TV Retro Sexism

At the New York Times, Maureen Dowd wonders about the relative glut of retro-themed TV shows set at the uncool end of the 1960s, i.e. 1960 to approx. 1967.

Maureen Dowd sees two interconnected reasons for commissioning new TV shows focused on the Playboy Club in the early 1960s or Pan Am stewardesses in the early 1960s*. The first reason Ms. Dowd identifies is the success of Mad Men, which mirrors my initial thoughts at reading about these particular additions to the US TV line-up. “My, someone is trying to get a piece of Mad Men“.

The second and more problematic reason Maureen Dowd detects, both for the success of Mad Men and the appearance of copycat shows, is the more or less overt desire of many men to return to an era when gender roles were clearly defined, men were king (at least as long as they were WASP men) and women were submissive.

I’ve blogged about my thoughts on Mad Men before. And again, I agree with Marueen Dowd, because it was always pretty clear to me – even before I actually saw an episode, way back when Mad Men was first making waves and gaining acclaim – that the retro sexism and the look back at the “good old times” of the early 1960s, made to look for more attractive than they ever were in reality, were a huge part of the appeal of the show.

Now retro and costume dramas generally feed on nostalgia for supposedly better times when men were men, women were women, clothes were more elegant (unless you actually had to wear them, of course), drinking and smoking was possible without feeling guilty about it and life in general was simpler. This nostalgia impulse is the reason behind the success of Mad Men in the US, Life on Mars and Ashes to Ashes in the UK, the unanimous fawning about Downton Abbey and the fact the Cold Case remained on the air for several seasons (because the retro episodes of Cold Case were always the best).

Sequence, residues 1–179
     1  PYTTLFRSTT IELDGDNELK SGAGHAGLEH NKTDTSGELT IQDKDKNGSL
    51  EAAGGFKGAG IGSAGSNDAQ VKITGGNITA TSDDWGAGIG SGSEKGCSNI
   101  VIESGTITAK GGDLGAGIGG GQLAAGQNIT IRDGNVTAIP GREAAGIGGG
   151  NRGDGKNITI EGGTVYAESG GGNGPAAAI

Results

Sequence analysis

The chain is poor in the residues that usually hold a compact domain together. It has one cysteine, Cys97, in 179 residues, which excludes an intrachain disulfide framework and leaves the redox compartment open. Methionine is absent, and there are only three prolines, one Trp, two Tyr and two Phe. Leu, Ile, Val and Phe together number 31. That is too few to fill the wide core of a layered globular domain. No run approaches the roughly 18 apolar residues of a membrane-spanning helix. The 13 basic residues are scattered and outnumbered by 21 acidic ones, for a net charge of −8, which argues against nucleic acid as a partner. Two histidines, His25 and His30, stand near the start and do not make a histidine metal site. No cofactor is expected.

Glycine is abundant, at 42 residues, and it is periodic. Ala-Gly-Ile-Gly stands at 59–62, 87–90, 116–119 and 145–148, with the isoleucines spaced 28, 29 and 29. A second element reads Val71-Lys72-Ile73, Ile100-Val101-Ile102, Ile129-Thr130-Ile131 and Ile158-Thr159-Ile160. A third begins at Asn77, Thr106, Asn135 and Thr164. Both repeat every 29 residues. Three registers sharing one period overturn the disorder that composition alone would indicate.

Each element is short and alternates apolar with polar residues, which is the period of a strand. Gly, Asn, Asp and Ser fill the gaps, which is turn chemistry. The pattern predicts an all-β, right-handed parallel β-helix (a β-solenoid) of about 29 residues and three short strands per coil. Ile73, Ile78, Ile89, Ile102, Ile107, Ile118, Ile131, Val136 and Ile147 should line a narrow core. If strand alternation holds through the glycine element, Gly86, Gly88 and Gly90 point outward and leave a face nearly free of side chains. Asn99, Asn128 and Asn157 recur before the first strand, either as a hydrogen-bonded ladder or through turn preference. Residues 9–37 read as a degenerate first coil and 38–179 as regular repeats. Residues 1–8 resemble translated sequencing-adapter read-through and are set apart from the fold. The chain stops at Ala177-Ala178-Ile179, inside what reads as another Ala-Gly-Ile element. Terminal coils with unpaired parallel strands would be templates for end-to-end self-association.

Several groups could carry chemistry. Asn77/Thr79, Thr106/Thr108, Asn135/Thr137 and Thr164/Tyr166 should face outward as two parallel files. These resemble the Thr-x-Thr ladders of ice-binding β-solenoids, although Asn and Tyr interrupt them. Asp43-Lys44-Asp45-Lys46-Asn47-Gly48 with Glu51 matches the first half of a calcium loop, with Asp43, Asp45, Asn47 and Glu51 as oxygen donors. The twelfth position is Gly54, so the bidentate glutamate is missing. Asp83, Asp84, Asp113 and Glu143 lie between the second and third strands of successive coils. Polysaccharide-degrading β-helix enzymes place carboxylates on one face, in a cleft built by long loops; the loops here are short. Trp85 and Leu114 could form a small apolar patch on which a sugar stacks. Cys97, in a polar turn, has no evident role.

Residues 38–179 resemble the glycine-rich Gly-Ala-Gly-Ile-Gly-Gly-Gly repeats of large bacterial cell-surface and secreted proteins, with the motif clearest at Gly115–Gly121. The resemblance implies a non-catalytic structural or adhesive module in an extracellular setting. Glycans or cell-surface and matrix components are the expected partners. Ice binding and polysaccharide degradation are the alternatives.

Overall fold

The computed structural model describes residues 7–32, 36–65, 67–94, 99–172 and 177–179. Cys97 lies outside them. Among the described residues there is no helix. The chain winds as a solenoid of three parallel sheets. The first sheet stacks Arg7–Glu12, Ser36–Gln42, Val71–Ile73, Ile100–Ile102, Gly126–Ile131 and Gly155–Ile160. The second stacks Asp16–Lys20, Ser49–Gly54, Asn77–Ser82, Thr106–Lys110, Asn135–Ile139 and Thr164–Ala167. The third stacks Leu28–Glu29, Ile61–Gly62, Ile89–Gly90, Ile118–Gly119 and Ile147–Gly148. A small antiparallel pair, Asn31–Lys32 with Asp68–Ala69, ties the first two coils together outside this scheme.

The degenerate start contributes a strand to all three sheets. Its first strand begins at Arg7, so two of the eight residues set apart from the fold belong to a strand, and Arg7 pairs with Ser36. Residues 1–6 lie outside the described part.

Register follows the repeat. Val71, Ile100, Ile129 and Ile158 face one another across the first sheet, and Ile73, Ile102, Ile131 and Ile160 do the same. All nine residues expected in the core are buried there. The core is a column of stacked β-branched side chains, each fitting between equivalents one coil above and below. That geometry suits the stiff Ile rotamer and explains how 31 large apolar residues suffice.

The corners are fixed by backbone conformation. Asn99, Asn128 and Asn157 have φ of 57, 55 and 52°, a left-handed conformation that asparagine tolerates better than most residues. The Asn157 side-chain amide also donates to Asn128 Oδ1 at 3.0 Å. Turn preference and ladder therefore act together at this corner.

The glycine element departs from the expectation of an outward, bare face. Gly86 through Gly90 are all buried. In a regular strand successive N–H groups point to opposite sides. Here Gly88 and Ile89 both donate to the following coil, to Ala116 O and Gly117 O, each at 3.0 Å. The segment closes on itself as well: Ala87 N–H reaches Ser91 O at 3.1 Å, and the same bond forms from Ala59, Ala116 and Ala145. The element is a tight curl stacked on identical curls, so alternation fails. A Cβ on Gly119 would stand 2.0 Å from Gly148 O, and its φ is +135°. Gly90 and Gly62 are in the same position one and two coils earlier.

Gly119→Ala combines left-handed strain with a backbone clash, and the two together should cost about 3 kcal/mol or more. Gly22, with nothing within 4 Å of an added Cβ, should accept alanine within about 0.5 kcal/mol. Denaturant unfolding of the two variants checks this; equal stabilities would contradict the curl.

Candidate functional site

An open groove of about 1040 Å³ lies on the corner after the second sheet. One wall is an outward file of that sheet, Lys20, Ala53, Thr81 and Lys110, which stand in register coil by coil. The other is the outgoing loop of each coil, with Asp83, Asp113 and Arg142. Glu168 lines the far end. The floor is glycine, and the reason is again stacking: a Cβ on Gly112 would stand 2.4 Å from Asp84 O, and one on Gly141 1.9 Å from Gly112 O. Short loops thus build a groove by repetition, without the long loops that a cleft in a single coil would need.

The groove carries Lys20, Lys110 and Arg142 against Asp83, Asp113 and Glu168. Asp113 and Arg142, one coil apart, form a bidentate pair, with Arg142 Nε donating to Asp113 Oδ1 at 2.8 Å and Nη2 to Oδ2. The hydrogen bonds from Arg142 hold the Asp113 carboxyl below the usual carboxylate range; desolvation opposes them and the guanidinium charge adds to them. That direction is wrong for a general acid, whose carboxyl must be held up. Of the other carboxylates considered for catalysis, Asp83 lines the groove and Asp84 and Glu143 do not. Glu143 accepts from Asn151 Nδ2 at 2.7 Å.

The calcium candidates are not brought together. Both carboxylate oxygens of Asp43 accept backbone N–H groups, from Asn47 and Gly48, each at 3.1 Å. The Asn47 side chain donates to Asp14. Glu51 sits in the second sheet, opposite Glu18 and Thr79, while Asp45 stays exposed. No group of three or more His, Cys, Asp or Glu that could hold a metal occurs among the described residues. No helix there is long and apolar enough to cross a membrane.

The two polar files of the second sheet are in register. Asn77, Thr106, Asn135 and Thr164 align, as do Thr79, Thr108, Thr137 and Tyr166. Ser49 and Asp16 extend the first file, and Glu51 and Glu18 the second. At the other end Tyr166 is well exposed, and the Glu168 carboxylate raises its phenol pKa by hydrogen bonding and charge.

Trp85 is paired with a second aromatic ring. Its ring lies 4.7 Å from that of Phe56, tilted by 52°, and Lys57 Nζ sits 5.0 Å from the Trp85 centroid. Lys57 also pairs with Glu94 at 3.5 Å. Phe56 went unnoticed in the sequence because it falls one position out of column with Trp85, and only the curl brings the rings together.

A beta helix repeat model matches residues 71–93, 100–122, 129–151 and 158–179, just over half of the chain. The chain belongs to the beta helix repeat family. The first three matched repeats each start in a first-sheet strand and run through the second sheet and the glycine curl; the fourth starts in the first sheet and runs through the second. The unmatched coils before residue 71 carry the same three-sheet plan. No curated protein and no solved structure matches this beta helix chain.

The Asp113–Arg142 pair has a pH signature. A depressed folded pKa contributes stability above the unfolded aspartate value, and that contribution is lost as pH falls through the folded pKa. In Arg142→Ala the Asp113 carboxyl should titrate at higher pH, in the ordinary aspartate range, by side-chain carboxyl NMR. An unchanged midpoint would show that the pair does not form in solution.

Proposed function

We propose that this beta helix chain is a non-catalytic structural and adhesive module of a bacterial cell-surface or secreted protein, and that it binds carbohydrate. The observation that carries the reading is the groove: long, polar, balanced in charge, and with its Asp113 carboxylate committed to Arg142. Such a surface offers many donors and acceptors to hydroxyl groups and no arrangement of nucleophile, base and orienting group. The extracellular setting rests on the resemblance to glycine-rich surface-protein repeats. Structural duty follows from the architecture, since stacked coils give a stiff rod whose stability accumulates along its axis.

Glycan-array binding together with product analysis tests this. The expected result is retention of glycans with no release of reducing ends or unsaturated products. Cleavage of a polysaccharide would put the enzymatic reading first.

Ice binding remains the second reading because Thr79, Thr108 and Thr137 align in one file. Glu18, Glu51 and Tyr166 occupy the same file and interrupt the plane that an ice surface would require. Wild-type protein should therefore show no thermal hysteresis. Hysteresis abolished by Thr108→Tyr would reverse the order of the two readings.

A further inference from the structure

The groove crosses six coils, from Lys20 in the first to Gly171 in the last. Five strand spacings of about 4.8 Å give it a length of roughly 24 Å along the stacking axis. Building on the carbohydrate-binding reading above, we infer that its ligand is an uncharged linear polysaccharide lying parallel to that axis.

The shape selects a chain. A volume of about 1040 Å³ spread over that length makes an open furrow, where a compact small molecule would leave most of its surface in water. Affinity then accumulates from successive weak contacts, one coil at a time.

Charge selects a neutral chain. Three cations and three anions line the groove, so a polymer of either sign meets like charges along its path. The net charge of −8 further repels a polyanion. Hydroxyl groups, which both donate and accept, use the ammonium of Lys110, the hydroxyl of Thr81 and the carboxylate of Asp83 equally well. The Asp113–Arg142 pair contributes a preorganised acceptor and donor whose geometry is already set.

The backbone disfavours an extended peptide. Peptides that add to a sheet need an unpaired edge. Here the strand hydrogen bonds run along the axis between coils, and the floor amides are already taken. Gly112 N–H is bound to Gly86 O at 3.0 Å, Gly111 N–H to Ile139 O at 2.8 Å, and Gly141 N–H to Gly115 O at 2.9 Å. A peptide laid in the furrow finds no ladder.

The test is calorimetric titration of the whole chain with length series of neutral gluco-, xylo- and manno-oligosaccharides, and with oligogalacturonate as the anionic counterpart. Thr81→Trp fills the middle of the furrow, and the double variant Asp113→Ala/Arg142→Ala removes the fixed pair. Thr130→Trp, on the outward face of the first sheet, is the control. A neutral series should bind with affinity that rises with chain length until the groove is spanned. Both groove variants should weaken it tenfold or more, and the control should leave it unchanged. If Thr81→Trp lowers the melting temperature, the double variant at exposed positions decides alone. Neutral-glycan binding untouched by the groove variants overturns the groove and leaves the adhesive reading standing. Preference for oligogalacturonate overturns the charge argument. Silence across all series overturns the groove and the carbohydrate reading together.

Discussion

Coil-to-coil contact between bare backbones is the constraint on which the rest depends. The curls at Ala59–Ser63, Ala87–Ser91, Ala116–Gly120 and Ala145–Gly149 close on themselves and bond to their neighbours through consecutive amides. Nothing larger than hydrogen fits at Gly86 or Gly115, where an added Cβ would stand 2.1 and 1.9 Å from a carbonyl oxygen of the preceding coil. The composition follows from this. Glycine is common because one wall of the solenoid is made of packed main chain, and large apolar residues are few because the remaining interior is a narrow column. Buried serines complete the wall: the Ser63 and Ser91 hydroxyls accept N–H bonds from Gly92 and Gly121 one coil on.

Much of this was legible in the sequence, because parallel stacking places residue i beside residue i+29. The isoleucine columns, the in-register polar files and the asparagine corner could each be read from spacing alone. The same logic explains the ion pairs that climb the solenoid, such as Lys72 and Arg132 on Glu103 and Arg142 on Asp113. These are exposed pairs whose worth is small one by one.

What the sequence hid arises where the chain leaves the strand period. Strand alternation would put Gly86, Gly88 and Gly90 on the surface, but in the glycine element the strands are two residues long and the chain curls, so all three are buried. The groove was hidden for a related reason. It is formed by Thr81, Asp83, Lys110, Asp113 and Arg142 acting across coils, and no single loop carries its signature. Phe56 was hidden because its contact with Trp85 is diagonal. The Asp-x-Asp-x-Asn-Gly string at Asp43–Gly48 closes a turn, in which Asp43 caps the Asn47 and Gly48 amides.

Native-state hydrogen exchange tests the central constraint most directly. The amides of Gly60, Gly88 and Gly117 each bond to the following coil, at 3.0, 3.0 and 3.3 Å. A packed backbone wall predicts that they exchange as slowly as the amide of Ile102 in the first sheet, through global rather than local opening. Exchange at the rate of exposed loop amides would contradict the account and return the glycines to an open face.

Quite a few of those retro shows play on a mix of superficial condescension towards the past (“Look, she’s drinking and smoking and pregnant! – Thank heavens, we know better now”) and a latent desire for returning to a less politically correct time. It’s this impulse which made Gene Hunt from Life on Mars/Ashes to Ashes a sex symbol in Britain, which baffled everyone, including the writers and the actor. It is also telling that the TV producer quoted in the Maureen Dowd article singles out the Christina Hendricks character from Mad Men, an intelligent woman who uses her sex appeal to get what she wants, that is men buying her things, instead of the much more interesting Peggy and Rachel characters, who use their smarts and business savvy to get ahead in their chosen careers. There are a lot of people, mostly straight white men, who long for a return to the world of the 1950s and early 1960s.

This is also answers the question why those American retro shows are all set in the early 1960s. Because the early 1960s were the last time when the old sexism, racism, homophobia, etc… was still socially somewhat acceptable, yet the mores were already beginning to change, particularly with regards to sex. A lot of the raunchier plotlines in Mad Men, let alone Playboy Club and Pan Am, wouldn’t have been possible to the same degree in the 1950s or before. The early 1960s were the sweet spot for straight white American men, though not so sweet for everybody else.

It’s also interesting that while both British and American retro shows walk the fine line between “Look how unenlightened those people are” and “But damn, wasn’t it cool?”, the British ones generally manage to keep the balance better. Mad Men is very pretty to look at – almost too pretty, considering that everything is done up in the latest styles and no one has furniture, clothes, cars, etc… that date from an earlier decade – but it’s essentially hollow. Mad Men does address the social issues of the time, often in painfully blatant dialogue, but it rarely tackles them. It seems as if the only actual problem the Mad Men writers have with the early 1960s is the fact that people drink and smoke with abandon and sleep with women they are not married to. Racism, sexism, homophobia, etc… are dutifully mentioned, but not really dealt with. And I sincerely doubt that the Playboy and Pan Am shows will be any better – most likely they’ll be worse.